Anyway, Nathan's idea might be a good line of thought and further research into the impact of a sudden die-off. I'm pretty sure it's been looked at and numbers are on line. And, of course, this is MWT's backyard... or swimming pool... whichever is the better metaphor.

(Begins bowing in the direction of Georgia and chanting the necessary invocations to bring forth MWT....)

Jeri Monday, July 21, 2008 at 2:23:00 AM EDT  

I think we definitely need MWT and John's input to this question. :)

And really truly, once given a couple of good basically usable technical non deus ex ideas I'll do my own homework, I don't need spoon feeding - I just need ideas. (This is for my currently RIP-ing NaNoWriMo last year's novel which actually has SOME merit. Some.)

Thanks for the other answers. :)

Jeri Monday, July 21, 2008 at 12:18:00 PM EDT  

I think that John and MWT might have some ideas. I like the algae idea, or something like it, at least in theory - something marine-based would tie in really nicely with my Yupik sea-legend infused plot.

Immediate global warming is probably the wrong term here - instead I should probably call it something like sudden climatological catastrophe.

Eric Monday, July 21, 2008 at 1:23:00 PM EDT  

No, it's good that you specified warming, because there are lots of sudden climatological catastrophes that would lead to cooling, including unpredicted vulcanism or the impact of a sufficiently large space rock. (In fact, the "Year Without A Summer," 1816, vulcanism was the likely cause of a sudden climatological catastrophe, though it obviously didn't end CAWKI (Civilization As We Know It).

Random Michelle K Monday, July 21, 2008 at 9:40:00 PM EDT  

Actually, one theory I remember reading is that climate change could begin a feedback loop.

If the ocean temperatures rise, that may affect the life cycle of the algae that are currently the largest source of carbon fixation. Reduction in algae would lead to warmer temperatures and so on and so forth.

However, the warming wouldn't necessarly be global. IIRC, Great Britain would actually become significantly cooler as the ocean currents that currently (HA!) ameliorate the temperatures there (there's a name for that stupid current that I forget) would stop or change direction, so the climate of Great Britain would cool significantly.

If you are willing to be very patient, I can see if I still have any old bio books around.

Oh, another interesting theory is that not as much excess carbon will be taken up by the worlds forest. Some people projected that as CO2 levels rise, forest growth will be stimulated. Last I remember reading about this (years ago mind you) there were competing theories that they forests wouldn't be able to pick up the slack.

Of course you also have the difference between old growth forests and new forests, the affect of forest fires such as we keep seeing in California...

So it is possible there could be an event where we see a sudden rise in global temperatures.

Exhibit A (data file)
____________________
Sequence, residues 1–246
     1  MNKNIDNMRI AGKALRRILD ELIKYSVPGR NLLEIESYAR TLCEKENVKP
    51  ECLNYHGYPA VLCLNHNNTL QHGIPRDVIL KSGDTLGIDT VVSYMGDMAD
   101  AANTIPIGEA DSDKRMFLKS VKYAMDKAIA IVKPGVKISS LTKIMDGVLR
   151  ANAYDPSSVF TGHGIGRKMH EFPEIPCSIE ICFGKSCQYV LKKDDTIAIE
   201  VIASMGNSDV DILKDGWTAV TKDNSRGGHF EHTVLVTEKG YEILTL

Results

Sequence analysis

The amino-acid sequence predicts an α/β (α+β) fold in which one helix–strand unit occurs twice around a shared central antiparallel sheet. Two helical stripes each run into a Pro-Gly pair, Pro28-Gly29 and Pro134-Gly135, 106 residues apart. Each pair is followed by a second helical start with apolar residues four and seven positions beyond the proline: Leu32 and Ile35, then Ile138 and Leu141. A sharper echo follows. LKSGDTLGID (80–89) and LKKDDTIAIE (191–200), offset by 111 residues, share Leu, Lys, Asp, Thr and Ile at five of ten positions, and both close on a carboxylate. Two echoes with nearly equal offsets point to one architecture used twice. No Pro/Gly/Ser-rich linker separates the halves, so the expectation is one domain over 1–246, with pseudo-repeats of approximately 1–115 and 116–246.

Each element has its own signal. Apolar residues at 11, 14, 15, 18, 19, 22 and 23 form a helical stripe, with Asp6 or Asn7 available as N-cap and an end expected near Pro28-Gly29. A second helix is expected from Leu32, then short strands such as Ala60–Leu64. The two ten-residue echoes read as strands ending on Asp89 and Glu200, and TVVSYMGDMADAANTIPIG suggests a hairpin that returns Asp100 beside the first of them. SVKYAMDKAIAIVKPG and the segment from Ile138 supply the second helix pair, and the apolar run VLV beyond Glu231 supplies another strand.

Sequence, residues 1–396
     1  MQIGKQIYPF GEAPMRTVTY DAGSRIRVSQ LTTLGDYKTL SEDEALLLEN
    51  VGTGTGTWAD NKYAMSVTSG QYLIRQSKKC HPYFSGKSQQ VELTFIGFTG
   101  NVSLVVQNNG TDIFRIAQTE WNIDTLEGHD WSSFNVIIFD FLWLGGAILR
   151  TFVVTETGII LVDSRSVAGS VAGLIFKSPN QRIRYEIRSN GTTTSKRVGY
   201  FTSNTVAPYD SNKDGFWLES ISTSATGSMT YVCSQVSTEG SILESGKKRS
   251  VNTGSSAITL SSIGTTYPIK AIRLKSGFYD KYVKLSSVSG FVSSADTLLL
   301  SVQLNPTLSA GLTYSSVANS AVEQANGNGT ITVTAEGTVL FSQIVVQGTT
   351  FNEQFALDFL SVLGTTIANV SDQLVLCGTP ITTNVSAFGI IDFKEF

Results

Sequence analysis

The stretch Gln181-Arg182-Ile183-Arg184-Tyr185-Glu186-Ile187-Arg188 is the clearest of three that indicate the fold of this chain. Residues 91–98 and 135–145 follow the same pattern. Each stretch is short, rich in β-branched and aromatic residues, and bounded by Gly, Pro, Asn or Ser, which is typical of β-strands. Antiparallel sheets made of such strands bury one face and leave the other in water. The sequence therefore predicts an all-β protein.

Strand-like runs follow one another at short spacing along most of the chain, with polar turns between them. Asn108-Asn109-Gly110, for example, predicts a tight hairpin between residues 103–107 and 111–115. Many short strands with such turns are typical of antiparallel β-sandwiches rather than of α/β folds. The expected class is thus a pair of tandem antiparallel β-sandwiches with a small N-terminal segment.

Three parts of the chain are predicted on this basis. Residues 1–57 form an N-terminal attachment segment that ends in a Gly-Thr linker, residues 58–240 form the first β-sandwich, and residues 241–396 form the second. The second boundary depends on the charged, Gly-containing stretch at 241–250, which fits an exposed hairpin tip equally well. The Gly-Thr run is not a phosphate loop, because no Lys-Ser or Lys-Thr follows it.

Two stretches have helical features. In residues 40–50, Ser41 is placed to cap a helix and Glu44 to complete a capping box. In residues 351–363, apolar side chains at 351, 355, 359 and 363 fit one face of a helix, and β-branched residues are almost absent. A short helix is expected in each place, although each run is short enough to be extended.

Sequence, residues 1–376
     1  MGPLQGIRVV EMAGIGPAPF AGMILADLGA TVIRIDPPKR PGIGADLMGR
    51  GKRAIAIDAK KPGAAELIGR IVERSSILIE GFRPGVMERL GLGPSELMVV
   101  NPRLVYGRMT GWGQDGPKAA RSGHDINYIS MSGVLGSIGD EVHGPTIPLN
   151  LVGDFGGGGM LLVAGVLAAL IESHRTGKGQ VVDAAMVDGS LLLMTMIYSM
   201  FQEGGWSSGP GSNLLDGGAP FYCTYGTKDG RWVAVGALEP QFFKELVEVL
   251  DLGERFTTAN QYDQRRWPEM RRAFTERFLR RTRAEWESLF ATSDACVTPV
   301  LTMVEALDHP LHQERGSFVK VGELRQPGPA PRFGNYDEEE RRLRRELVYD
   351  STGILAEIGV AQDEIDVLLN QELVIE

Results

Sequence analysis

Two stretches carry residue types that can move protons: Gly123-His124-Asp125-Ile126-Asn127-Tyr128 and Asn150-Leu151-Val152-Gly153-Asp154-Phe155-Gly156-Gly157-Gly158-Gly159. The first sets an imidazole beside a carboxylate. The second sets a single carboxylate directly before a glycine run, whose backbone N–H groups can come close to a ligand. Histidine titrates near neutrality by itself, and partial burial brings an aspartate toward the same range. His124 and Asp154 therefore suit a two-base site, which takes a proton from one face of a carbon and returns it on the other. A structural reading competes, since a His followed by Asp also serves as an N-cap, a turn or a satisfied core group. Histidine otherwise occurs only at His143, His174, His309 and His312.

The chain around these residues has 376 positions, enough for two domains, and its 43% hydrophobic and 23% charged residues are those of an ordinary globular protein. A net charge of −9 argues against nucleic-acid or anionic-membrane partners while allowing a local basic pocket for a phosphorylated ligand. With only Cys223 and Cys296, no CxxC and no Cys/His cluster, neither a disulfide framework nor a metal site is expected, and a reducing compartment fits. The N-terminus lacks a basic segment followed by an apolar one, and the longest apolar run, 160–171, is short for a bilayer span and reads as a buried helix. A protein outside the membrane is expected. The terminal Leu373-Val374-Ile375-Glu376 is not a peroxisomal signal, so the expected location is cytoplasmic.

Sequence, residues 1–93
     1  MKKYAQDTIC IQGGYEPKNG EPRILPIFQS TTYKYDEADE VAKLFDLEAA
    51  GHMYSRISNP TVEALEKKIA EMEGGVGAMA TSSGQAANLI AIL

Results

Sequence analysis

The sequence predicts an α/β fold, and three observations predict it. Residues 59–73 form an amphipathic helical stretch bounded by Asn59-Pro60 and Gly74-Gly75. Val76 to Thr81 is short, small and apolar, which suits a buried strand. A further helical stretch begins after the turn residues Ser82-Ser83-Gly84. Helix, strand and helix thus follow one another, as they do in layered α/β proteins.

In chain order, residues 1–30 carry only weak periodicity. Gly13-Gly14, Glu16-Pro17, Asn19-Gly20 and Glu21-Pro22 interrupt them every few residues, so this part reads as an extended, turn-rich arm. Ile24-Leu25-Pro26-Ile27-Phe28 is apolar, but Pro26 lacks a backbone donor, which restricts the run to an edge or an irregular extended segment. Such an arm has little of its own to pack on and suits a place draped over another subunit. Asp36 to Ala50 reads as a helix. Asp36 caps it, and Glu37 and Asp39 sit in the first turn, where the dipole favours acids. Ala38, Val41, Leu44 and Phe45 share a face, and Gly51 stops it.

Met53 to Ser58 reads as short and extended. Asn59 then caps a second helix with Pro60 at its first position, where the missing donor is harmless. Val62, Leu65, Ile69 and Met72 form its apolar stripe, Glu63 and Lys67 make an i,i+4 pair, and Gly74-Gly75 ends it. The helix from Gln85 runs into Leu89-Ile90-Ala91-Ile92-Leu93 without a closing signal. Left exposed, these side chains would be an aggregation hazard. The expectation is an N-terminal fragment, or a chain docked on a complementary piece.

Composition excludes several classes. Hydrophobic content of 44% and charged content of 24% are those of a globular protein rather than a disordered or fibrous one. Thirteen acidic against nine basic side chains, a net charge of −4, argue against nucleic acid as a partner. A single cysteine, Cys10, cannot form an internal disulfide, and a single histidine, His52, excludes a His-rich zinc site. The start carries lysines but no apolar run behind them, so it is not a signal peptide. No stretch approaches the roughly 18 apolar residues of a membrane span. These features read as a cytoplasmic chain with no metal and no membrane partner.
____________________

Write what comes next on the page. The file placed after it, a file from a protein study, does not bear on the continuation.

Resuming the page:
I'd go with a disruption of the ocean currents and algae growth as a starting point.

Random Michelle K Monday, July 21, 2008 at 9:43:00 PM EDT  

The thing about vulcanic eruptions Eric, is that they're short term.

Also, they make really cool sunsets.

Eric Monday, July 21, 2008 at 10:51:00 PM EDT  

The thing about vulcanic eruptions Eric, is that they're short term.

True, although short-term is relative. Volcanic eruptions have caused Very Bad Years--if you need 12-24 months of disaster, an eruption could do it. If you need a permanent ecological crisis, an eruption alone would be insufficient, I think (unless there are continued, cascading consequences even after things begin to warm up again--e.g. wars caused by massive crop failures or additional ecological wreckage caused by acid rain as sulfur falls out of the atmosphere).


...there's a name for that stupid current that I forget...

You're thinking of a shutdown of thermohaline circulation causing the Gulf Stream to essentially stop.

Jeri Monday, July 21, 2008 at 11:05:00 PM EDT  

What I want is the worst thing possible to happen to the residents of rural Arctic Alaska. Worse than losing their transportation and communication infrastructure - worse than the fishing industry collapsing - worse than the scourge of alcoholism and depression.

So, I give you instant global warming. Massive climate change. The fragile subsistence lifestyle built around the arctic climate collapses - AND - the thin scrim of Western culture & transportation falls apart, too, as the airstrips and satellite dishes very literally fall to pieces and sink into the ground as the permafrost turns to liquid mud.

And then we introduce a steamy romance between the nubile young teacher and the handsome Native hunter who is holding the village together through sheer force of will.

Oh, wait a minute, wrong novel. I definitely don't write those kind. ;)

Random Michelle K Tuesday, July 22, 2008 at 8:19:00 AM EDT  

Also, don't forget all those bodies of victims of the 1918 flu buried in the permafrost.